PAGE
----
NK 2727 and NK 1756 are also part of the application for restitution RC 1.90, which is yet to be handled. In reference to considerations 5-7, the Committee has found no reason to uphold the recommendation until RC 1.90 has been considered.

A draft report of the results of the Committee’s fact-finding investigation was sent to the applicant for comment on 27 April 2007. The results of the examination of the handwriting in the notebook were also sent to the applicant on 4 May 2007. For the facts in this case, the Committee refers to its investigatory report dated 1 October 2007, which is considered an integral part of this recommendation, as well as to the investigatory reports in the RC 1.18, RC 1.27 and RC 1.42 cases.

General considerations

a) The Committee has drawn up its opinion with due regard for the relevant (lines of) policy issued by the Ekkart Committee and the government.
b) The Committee asked itself whether it is acceptable that an opinion to be issued is influenced by its potential consequences for decisions in subsequent cases. The Committee resolved that such influence cannot be accepted, save in cases where special circumstances apply, since allowing such influence would be impossible to justify to the applicant concerned.
c) The Committee then asked itself how to deal with the circumstance that certain facts can no longer be ascertained, that certain information has been lost or has not been recovered, or that evidence can no longer be otherwise compiled. On this issue, the Committee believes that if the problems that have arisen can be attributed at least in part to the lapse of time, the associated risk should be borne by the government if the art was privately owned, save in cases where exceptional circumstances apply.
d) The Committee believes that insights and circumstances which, according to generally accepted views, have evidently changed since the Second World War should be granted the status of new facts.
e) It is highly probable that loss of possession was involuntary if the object was sold without the art dealer’s consent and by ‘Verwalters’ [Nazi-appointed caretakers who took over management of firms owned by Jews] or other custodians not appointed by the owner of items from the old trading stock under their custodianship, in so far as the original owner or his heirs did not receive all the profits of the transaction, or in so far as the owner did not expressly waive his rights after the war.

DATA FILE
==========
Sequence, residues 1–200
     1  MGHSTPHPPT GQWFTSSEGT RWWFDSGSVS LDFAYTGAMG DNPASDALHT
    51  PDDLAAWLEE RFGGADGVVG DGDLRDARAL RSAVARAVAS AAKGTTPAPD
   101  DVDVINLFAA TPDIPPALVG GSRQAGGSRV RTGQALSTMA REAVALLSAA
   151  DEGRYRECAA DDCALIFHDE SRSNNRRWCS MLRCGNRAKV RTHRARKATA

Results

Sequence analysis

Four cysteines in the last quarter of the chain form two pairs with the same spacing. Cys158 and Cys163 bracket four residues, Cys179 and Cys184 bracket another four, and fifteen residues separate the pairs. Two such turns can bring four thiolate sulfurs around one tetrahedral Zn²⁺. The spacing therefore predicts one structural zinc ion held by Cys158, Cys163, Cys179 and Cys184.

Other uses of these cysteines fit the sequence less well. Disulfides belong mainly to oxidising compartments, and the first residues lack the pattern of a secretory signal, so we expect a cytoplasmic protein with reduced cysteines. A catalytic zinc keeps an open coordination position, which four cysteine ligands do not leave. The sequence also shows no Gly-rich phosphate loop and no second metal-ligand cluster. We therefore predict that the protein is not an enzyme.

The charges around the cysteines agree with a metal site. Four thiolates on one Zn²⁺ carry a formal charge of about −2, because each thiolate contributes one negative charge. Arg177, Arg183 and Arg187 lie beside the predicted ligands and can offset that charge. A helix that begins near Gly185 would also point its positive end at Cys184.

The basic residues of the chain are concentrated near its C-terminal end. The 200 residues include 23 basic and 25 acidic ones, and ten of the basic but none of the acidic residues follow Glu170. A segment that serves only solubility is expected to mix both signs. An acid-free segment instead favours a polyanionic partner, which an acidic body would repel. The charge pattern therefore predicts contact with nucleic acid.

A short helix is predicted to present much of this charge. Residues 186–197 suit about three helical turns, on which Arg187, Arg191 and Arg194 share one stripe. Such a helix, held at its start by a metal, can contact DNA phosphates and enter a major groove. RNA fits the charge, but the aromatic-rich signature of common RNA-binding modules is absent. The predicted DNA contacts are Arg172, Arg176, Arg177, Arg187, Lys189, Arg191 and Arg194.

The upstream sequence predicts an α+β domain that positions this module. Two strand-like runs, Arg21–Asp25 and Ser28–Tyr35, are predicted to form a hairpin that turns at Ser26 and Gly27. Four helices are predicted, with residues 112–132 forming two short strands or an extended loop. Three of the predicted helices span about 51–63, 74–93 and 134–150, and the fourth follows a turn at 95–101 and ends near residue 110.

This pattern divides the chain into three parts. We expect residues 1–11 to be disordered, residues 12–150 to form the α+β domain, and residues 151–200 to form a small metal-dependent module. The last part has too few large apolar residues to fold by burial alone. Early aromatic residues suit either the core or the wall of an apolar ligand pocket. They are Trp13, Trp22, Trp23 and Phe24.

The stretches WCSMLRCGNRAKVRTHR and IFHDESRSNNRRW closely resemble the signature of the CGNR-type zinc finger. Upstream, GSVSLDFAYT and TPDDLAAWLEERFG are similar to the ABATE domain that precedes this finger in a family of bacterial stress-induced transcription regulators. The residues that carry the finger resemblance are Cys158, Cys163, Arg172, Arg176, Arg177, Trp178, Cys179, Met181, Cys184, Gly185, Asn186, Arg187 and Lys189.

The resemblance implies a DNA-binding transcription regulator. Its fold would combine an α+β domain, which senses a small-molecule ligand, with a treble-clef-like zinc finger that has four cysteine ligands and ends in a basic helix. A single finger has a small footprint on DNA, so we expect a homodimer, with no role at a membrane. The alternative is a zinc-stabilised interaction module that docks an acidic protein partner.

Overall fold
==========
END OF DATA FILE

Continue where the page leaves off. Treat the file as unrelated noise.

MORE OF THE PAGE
Explanation of general considerations c and e[1]

In line with the recommendations with regard to art dealing and the explanation thereof, the Committee has come to the conclusion that consideration c should only apply to the ownership of art by private parties. Consideration e has been modified accordingly and, furthermore, this consideration should be taken to mean that only those objects that were effectively part of the old trading stock are eligible for restitution.

Special considerations:

  1. 1. M.M. requests the restitution of the above-mentioned paintings from the Dutch National Art Collection in his capacity as entitled party, following the transfer by the rightful heir of Marcus de Vries of his rights and claims to the works of art in question. As to the capacity in which he is currently acting, the applicant states in his restitution application dated 6 September 2006:

    ‘I would like to hereby declare that I am acting in the capacity as entitled party, following the transfer to me by Mr Y.Y. of his rights and claims to the works of art in question. Mr Y.Y. recently made a written statement of his wish to confer to me his rights to the works of art from the Dutch National Art Collection, which include the above-mentioned works. (…) A short explanation is in order. As far as is known, Mr Y.Y. is the sole heir to my father. This is because he is the heir to Mrs S. de Vries-Fuchs (wife of M. de Vries) who, in turn, was sole heir to M. de Vries. However, Mr Y.Y. decided to confer his entitlement to the works of art from the Dutch National Art Collection to me, as the son of the original owner’.

  2. The Committee took cognisance of a decision by the District Court in Leeuwarden dated 26 November 1931 which shows that De Vries was the applicant’s father but that De Vries did not recognise him as his son. Consequently, the applicant is not an heir to De Vries (see also the recommendation in the RC 1.18 case). The Committee also took cognisance of the Swiss will of Solvejg Fuchs, De Vries’ wife, dated 17 October 1980, in which she names Y.Y. as her sole heir, as well as a letter from Y.Y. dated 9 May 2006, addressed to the Committee, in which he confirms that he confers his entitlement to the works of art from the former Marcus de Vries estate that are currently in the Dutch National Art Collection to M.M..